• The partial pressure of anesthetic in the blood determines the concentration in the brain.

Effects of ventilation rate:

  • The speed of induction is directly proportional to the ventilation rate. 
  • ↑ Ventilation maintains the partial pressure of anesthetic within the alveoli. 

Effects of cardiac output:

  • At the level of the alveolus, uptake is directly proportional to cardiac output (CO): ↑ CO → ↑ alveolar blood flow → ↑ uptake from the lungs 
  • However, induction speed is inversely proportional to CO: ↑ uptake of gas → ↓ partial pressure of the anesthetic within the alveoli → induction delay

Effects of pulmonary circulation: 

  • Uptake is also affected by the partial pressure gradient of the anesthetic between the alveoli and venous blood.
  • ↑ Partial pressure of the anesthetic in venous blood → ↓ gradient between the blood and the alveoli → ↓ uptake 
  • Indirectly indicates uptake by the peripheral tissues

Effects of concentration:

  • Speed of induction is directly proportional to the alveolar concentration.
  • ↑ Uptake → ↓ alveolar concentration → slows down induction
  • ↑ Concentration of the inhaled anesthetic → ↑ alveolar concentration → quicker induction 
  • Capacity = tissue/blood solubility × tissue volume

Summary of determinants of induction speed:

  • Solubility of the anesthetic: ↑ solubility, the slower the induction
  • Inspired gas partial pressure: ↑ partial pressure, the faster the induction
  • Ventilation rate: ↑ ventilation rate, the faster the induction
  • Blood flow: ↑ blood flow, the slower the induction
  • Arteriovenous (AV) concentration gradient: ↑ AV gradient, the slower the induction
Table: Classification of tissues by solubility and blood flow
Vessel-rich groupBrain, heart, liver, kidney, and endocrine organs
  • Moderate solubility and small volume → limited capacity
  • Reaches steady state quickly (i.e., equalized arterial and tissue partial pressures)
Muscle groupSkin and muscles
  • Larger volume → greater capacity → hours for uptake
Fat groupAdipose tissue
  • Similar perfusion to muscle group
  • Increased solubility of anesthetic → increased capacity
  • Days to reach a steady state
Vessel-poor groupBones, ligaments, teeth, hair, and cartilage
  • Insignificant uptake

Metabolism and excretion

  • < 5% of inhaled anesthetic is metabolized in the body.
  • Metabolism involves phase 1 and phase 2 reactions:
    • Phase 1 (catabolic reactions): hydrolysis and oxidation 
    • Phase 2 (anabolic reactions): the addition of a glucuronyl or methyl group to the metabolite
  • Excretion of the end product is through: 
    • Exhalation
    • Transcutaneous loss
    • Kidneys
    • Hepatobiliary system 


  • Generally used in the operating room (FDA approved):
    • Induction of general anesthesia (faster onset of action than IV anesthetics)
    • Maintenance of general anesthesia
  • Sometimes used in the ICU (not FDA approved):
    • Sedation (e.g., ventilated individual, combative individual, or a bedside procedure)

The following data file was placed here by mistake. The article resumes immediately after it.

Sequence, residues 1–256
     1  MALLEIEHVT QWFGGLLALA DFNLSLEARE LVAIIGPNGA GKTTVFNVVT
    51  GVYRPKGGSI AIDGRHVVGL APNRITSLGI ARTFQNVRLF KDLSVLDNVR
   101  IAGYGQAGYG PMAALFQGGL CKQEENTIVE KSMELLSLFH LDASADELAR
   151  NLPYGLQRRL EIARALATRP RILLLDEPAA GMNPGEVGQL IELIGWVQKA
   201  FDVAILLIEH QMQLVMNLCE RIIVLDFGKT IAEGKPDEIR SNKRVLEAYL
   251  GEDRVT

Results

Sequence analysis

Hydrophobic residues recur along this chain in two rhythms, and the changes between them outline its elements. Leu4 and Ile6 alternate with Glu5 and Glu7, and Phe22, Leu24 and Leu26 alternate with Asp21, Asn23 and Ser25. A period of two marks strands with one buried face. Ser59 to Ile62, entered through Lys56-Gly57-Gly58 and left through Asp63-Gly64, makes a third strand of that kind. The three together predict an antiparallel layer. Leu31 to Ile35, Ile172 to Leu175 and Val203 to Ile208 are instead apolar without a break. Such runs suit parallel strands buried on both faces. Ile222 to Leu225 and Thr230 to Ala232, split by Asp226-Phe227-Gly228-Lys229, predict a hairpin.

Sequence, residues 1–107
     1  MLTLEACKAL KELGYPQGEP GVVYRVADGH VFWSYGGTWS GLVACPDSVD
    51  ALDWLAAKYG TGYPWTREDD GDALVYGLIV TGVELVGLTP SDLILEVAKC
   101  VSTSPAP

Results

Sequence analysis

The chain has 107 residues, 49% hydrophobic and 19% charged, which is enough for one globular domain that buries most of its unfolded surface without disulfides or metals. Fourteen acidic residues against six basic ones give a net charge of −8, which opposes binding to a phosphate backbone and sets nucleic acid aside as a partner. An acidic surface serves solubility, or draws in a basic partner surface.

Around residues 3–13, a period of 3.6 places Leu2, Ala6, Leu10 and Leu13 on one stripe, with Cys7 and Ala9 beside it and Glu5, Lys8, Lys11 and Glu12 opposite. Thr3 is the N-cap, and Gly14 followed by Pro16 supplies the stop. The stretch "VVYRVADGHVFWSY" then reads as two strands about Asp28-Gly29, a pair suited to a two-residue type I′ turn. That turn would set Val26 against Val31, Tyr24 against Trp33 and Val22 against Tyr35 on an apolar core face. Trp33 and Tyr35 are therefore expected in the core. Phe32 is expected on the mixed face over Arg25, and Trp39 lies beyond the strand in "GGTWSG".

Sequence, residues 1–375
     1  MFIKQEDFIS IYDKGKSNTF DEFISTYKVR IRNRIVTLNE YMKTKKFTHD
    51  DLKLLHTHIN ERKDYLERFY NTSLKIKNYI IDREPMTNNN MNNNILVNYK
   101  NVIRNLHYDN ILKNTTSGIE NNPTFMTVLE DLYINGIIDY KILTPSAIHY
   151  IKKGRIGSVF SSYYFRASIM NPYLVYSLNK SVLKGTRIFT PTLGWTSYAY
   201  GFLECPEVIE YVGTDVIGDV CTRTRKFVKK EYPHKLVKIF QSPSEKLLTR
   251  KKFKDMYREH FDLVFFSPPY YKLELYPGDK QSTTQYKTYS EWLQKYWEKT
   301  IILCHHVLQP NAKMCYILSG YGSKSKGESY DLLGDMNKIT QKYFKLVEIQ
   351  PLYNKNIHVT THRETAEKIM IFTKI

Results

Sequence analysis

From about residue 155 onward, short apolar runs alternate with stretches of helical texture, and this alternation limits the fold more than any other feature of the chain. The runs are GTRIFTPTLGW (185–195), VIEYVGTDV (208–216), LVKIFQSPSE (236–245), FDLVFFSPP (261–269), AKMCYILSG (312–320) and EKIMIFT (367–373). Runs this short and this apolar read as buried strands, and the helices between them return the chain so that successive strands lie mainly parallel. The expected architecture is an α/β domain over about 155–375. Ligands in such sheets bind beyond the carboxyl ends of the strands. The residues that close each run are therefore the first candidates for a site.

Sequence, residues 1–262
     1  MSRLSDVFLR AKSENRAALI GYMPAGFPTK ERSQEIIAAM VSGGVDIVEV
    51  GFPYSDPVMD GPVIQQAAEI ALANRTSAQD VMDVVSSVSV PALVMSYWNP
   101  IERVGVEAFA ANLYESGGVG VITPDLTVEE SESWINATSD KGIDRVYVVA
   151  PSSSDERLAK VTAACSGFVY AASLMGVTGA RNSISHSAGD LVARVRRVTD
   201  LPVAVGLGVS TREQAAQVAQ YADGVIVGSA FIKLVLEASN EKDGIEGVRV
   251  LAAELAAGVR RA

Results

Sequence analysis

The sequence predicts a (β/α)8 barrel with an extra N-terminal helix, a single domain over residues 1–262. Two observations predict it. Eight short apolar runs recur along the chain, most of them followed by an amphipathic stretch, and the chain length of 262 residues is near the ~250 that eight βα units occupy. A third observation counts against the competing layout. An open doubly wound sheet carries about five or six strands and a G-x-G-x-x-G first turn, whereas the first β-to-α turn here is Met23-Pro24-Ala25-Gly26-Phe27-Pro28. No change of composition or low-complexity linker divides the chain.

• Refractory bronchospasm
    • Seizures unresponsive to antiepileptics (i.e., status epilepticus)
  • Often used in conjunction with IV anesthetics:
    • Midazolam
    • Propofol
Table: Advantages and disadvantages of inhaled anesthetics
Nitrous oxide (N2O)
  • Odorless
  • No taste or pungency
  • Fast uptake and excretion
  • Minimal cardiovascular depression
  • Minimal biotransformation
  • Inexpensive
  • Rarely used as a solo agent (low potency)
  • Airspace expansion
  • Increased nausea and vomiting
  • Inhibition of methionine synthase
  • Greenhouse gas
  • Supports combustion
  • Good muscle relaxation
  • Bronchodilation
  • Stable heart rate
  • Inexpensive
  • Slower uptake and elimination
  • Strong odor → may cause airway irritation → poor choice for induction
  • The most common inhaled anesthetic
  • Fast uptake and excretion → rapid induction and recovery time
  • Bronchodilation
  • No pungency → no airway irritation → appropriate choice for induction
More expensive than isoflurane
  • Fast uptake and excretion
  • Minimal biotransformation
  • Strong odor → may cause airway irritation → poor choice for induction
  • Expensive

Adverse Effects and Contraindications

Table: Adverse effects
AgentAdverse effects
Nitrous oxide (N2O)
  • Hypotension
  • Confusion
  • Dizziness
  • Headache
  • Nausea and vomiting
  • Apnea
  • Potential neurotoxicity
  • Fulminant hepatic necrosis
  • Arrhythmia (increased sensitivity to catecholamines)
  • Malignant hyperthermia
  • Potential neurotoxicity
  • Arrhythmia
  • Bradycardia or tachycardia
  • Hypertension
  • Laryngospasm
  • Malignant hyperthermia
  • Potential neurotoxicity
  • Hypotension
  • Agitation
  • Nausea and vomiting
  • Sialorrhea
  • Malignant hyperthermia
  • Potential neurotoxicity
  • Laryngospasm
  • Malignant hyperthermia
  • Severe acute liver injury
  • Potential neurotoxicity

Drug-drug interactions

  • N2O: ameliorates the circulatory and respiratory effects of other volatile anesthetics when used together
  • Halothane:
    • Β-adrenergic blocking agents and calcium channel blocking agents (myocardial depression)
    • Tricyclic antidepressants and monoamine oxidase (blood pressure fluctuations and arrhythmias)
  • Desflurane, sevoflurane, and isoflurane: potentiate neuromuscular blocking agents
Table: Contraindications of commonly used inhaled anesthetics
Nitrous oxide (N2O)
  • Air embolism
  • Pneumothorax
  • Bowel obstruction
  • Pneumocephalus
  • Pulmonary air cysts
  • Intraocular air bubbles
  • Tympanic membrane grafting
HalothaneUnexplained liver dysfunction after exposure in a previous procedure
  • Severe hypovolemia
  • Malignant hyperthermia
  • Intracranial hypertension
IsofluraneSevere hypovolemia